Several of this house’s light fixtures are inclined to give me grief, though the one most likely to give me grief at a moment’s notice is the two-bulb fixture over the kitchen sink: it has a neat and tidy design — the lower 15 percent of a sphere — which allows for a reasonable illumination pattern but which allows considerable heat buildup, and it fastens with three twist-screws, none of them placed favorably unless you’re two feet tall and can actually stand in the sink.

The advice given last decade was to replace the garden-variety 60-watt bulbs with 8-watt CFLs, which use so much less electricity that there’s just no excuse for not using them. An excuse promptly presented itself: CFLs in this installation lasted about five percent longer than the Standard Bulbs despite costing ten times as much. Must be the heat locked up in that hemidemisemiglobe, I reasoned, and reinstated the classic bulbs, grumbling all the way at having to climb that ladder yet again.

And there things stood until yesterday afternoon, when the ground, or at least the walls, shook a bit, and the hemidemisemiglobe, apparently insufficiently tightened down, yielded to the force of gravity, forcing me into Shard Removal mode. Results: fairly unsightly. On the upside, it’s a hell of a lot brighter in there, and now the freaking CFLs ought to work better, so long as I don’t actually replace the glass. God only knows what it would take to put a less-intractable fixture up there.

Nick Lowe, incidentally, was not available for comment, but I’m pretty sure I know what he would say.

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Engage

Surely this ring will persuade her to make it so:

Star Trek-inspired ring by Paul Michael Design

I missed this when it came out last year, but apparently it’s resurfaced in time for Comic-Con, or something:

Pittsburgh-based jewelry designer Paul Michael Bierker of Paul Michael Design created a ring worthy of any captain of someone’s heart.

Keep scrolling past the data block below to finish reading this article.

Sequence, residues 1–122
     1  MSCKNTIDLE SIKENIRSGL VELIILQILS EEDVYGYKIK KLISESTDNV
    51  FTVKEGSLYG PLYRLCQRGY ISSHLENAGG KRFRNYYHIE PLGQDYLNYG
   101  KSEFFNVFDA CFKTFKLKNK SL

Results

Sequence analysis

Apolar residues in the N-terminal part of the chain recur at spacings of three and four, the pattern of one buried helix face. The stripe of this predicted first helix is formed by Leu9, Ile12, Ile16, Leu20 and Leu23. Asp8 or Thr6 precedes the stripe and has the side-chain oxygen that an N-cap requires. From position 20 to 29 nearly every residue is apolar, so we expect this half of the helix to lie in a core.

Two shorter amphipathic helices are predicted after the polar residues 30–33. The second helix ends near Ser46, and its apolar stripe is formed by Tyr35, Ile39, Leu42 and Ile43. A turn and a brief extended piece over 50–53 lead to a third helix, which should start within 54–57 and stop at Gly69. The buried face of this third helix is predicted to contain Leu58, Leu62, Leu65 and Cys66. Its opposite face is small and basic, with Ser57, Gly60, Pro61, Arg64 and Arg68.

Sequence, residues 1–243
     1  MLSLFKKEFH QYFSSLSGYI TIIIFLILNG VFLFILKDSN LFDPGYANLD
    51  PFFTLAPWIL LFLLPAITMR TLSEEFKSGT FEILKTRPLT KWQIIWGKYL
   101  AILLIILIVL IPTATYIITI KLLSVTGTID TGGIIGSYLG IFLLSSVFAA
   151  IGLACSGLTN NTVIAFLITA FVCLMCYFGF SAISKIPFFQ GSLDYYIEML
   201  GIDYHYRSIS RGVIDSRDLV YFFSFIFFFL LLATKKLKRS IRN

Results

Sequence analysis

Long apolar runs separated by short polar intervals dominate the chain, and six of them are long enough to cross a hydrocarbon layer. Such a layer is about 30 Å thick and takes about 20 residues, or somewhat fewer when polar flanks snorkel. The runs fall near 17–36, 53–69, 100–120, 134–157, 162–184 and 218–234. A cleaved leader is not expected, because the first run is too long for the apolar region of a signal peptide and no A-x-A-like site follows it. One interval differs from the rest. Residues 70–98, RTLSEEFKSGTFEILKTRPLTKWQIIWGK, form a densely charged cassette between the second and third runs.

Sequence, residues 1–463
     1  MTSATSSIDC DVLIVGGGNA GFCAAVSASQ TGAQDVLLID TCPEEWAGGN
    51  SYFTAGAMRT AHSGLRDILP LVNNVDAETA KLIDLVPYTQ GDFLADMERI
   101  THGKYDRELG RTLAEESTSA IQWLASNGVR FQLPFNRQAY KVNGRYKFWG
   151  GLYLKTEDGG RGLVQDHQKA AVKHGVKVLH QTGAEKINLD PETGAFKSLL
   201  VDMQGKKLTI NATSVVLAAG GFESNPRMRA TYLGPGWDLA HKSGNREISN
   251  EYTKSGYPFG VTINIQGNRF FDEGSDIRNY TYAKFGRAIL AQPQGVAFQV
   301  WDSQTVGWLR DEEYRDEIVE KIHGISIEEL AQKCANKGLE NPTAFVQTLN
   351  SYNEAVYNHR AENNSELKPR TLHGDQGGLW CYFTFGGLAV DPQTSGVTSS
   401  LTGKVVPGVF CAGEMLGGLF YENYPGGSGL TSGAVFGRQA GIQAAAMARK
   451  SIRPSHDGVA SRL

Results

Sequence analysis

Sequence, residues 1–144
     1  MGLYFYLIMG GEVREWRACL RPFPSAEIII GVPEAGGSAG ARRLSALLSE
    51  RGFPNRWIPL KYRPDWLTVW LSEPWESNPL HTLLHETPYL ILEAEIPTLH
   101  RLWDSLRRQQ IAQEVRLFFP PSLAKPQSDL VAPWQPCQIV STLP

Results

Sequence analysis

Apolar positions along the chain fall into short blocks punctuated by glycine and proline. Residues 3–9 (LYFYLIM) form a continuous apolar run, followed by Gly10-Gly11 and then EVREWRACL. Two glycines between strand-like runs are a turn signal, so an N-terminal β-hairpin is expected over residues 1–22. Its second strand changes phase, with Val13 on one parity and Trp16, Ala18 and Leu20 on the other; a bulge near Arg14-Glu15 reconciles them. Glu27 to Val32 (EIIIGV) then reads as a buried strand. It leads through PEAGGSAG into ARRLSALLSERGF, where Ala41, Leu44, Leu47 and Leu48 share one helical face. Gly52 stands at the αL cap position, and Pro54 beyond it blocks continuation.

The “Boldly Going Somewhere” ring, for sale on Etsy for $595 plus shipping, is available in a choice of metals and gems, including white gold with color-enhanced blue diamonds and white diamond galaxy; white gold with topaz and white diamond galaxy; sterling silver with blue topaz and cubic zirconia; or platinum with blue color-enhanced diamonds and white diamond galaxy.

But will this actually convince her? Dammit, Jim, I’m a blogger, not a fortune-teller.

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Begun, the bra wars have

And the town of Guilderland, New York, has been shaken to its very, um, foundations:

The bitter feud between the owners of Madame Pirie Famise Corset Shoppe and Her Underthings has grown more spiteful and uncomfortable for customers than, well, an ill-fitting bra.

The two specialty shops that offer custom fitting on women’s girdles and a wide selection of undergarments — including hard-to-find bras in sizes ranging from 30AAA to 56O — are locked in a pitched battle as their two businesses operate one-half block apart and try to bury the competition.

Where did this begin?

“Yes, it’s a feud, but I didn’t start it. I created a business to honor my late sister and I ended up in all this childish nonsense,” said Jackie Keto, 24, owner of Her Underthings. She opened the competing business in the Price Chopper plaza at 1704 Western Ave. in November 2014 after a judge ruled she could no longer use the Madame Pirie name or operate the store at its previous location of 1660 Western Ave.

Rosa Belleville ran Madame Pirie’s at 1660 Western Ave. for 14 years until she sold the business to an employee and protege, Jessica Keto, in January 2014 for $500,000. The deal included a $250,000 cash down payment and $250,000 to be paid in installments.

When Keto died unexpectedly at her Albany home on March 19, 2014 at 28, the future of Madame Pirie’s was thrown into doubt.

Keto’s younger sister, Jackie, who had worked at Pier 1 Imports in Colonie and majored in business and entrepreneurship at the College of Saint Rose, agreed to run the store. “It kind of fell to me,” she said.

Since her sister had only owned the business for about two months before her sudden death, the Keto family asked Belleville if they could return the Madame Pirie business and get the late woman’s $250,000 down payment back. Belleville declined and said she had already made extensive travel plans and wished to remain retired.

It got more complicated. Jackie Keto refused to continue the installment payments, on the basis that the inventory purchased from Madame Pirie was “old junk” that could not be sold. (Not so, said Belleville.) Keto eventually opened up a new store a few doors down, and used the old storefront to promote it. This annoyed Belleville enough to acquire a new storefront and reopen Madame Pirie.

I, of course, take no sides here, but I quail at Her Underthings’ slogan: “the place you get your bras at!”